Geographic Location of Attack Servers: UK
In yesterday’s post, I pointed out that escalating a cyber conflict was not in the best interest of the United States. Here is the scenario: based on the identities of the sites under attack and the nature of the code being used, a number of allegations surface that North Koreans are behind the attacks. US Congressmen call for a show of force in cyber space.
What are the problems with this scenario? We don’t actually know who actually carried out the attacks. We certainly don’t know who gave the order to do so. We don’t know why the order was given. And we don’t know whether, by retaliating against the target du jour, we are hurting (or, at worst, actually helping) our true adversary.
Wired’s Kim Zetter reported yesterday that the master server is located in the UK. (Cheeky URL: Brits Attack US.) So what do we learn from that? Should we add the UK to the list of potential adversaries? Should we quarantine all web traffic from the UK until they have cleaned up their act? Should we launch a show of force against the UK in cyber space to demonstrate that we mean business? Imagine if the same server had been located in Hong Kong, or Tehran, or Somalia. The howls for retaliation would be far louder.
Best case scenario, we can lean on the company that owns the servers involved, and perhaps find someone at the end of the paper trail. If we are really lucky, we could find a small-time criminal or a misguided activist desperate to bend nations to his will with a five-year-old worm.
The most dangerous possible outcome (and particularly unlikely) at this point would be if we discovered unmistakable evidence of direct involvement by a foreign government in the attacks. Political pressure to retaliate would go through the roof. Civilian leaders would be stuck in a brave new war, where we can neither protect the things we hold dear nor forecast the consequences of our actions. Attackers have the advantage. Deterrence fails spectacularly. At present there is no law governing the scale, manner, and scope of proportionate or just retaliation in cyber space.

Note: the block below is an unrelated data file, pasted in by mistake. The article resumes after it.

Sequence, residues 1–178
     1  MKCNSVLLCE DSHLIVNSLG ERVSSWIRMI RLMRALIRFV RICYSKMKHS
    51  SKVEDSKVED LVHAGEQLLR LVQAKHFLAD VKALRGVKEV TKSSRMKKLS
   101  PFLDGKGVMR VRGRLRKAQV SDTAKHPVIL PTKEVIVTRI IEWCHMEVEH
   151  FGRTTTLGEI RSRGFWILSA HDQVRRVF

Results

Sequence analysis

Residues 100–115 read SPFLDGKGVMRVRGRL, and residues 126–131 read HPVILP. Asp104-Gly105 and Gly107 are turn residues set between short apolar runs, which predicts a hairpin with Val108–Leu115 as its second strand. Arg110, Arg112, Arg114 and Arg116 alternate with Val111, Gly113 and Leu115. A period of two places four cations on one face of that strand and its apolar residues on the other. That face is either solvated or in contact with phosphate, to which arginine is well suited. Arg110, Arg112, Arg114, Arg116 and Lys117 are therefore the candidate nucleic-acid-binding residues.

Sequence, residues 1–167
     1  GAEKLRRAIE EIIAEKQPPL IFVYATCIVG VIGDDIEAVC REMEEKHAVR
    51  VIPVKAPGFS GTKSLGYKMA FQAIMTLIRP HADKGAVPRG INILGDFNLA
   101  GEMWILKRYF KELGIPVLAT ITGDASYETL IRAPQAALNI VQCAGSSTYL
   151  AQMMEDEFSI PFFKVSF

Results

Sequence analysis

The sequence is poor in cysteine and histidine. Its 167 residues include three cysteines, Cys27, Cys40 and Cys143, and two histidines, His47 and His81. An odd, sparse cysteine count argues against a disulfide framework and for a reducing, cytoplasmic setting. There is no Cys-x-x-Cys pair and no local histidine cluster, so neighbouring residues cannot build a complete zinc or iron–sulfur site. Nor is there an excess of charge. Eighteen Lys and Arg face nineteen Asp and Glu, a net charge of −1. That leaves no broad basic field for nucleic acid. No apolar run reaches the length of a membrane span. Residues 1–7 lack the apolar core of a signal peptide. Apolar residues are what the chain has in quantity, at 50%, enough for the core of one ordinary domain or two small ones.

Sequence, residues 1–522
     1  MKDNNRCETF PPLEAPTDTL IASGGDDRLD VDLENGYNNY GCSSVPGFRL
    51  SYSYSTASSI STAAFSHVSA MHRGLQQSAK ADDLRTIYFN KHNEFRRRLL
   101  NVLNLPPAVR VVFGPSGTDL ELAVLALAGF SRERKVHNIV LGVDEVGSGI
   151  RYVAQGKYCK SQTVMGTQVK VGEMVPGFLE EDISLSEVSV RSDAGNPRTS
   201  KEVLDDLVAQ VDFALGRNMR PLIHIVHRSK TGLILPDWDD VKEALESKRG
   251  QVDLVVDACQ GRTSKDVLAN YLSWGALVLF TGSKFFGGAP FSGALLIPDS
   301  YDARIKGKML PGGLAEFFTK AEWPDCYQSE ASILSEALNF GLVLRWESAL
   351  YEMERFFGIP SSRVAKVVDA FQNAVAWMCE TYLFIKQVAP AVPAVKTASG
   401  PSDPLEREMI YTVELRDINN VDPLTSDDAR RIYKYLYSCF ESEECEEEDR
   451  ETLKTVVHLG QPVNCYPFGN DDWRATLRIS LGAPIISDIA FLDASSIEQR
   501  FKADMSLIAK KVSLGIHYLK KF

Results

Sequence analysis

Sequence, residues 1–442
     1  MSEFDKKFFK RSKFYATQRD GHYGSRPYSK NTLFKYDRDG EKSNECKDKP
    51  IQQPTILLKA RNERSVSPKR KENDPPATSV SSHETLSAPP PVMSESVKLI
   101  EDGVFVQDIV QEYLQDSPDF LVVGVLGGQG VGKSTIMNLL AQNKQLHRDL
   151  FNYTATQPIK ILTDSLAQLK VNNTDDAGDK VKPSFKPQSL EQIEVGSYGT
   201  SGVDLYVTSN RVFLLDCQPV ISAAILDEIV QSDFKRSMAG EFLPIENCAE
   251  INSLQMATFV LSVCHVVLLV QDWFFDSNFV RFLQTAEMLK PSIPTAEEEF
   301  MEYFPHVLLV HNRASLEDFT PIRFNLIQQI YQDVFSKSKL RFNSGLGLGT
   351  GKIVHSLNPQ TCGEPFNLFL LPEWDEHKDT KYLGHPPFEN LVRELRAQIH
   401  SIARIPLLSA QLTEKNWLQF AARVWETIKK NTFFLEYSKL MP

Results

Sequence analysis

Here is an excerpt from Zetter’s piece.
Cyber Attacks Traced to the U.S., Britain
International fingerpointing in the recent cyber attacks against U.S. and South Korean websites has widened to include Great Britain, as researchers examining the attacks trace them to a server in the United Kingdom.
But the British company that owns the server says it, in turn, traced the attacks to a VPN connection originating in Miami, Florida.
With hawks in Congress and the press urging President Barack Obama to launch an all-out cyber war in retaliation for the website outages, things are looking bad for the Sunshine State. Though it should be noted that the Miami connection was likely just another proxy used by the hacker, who could be based in the U.S. or anywhere else.
Researchers at Bkis Security in Hanoi, who reported findings about the British server on their company’s blog, say that the denial-of-service attacks that struck more than three dozen government and commercial sites last week were launched from more than 166,000 computers in 74 countries controlled by a server in the UK. The IP range for the server is 195.90.118.xxx, which is registered to Global Digital Broadcast, which streams digital TV content from Latin America to consumers.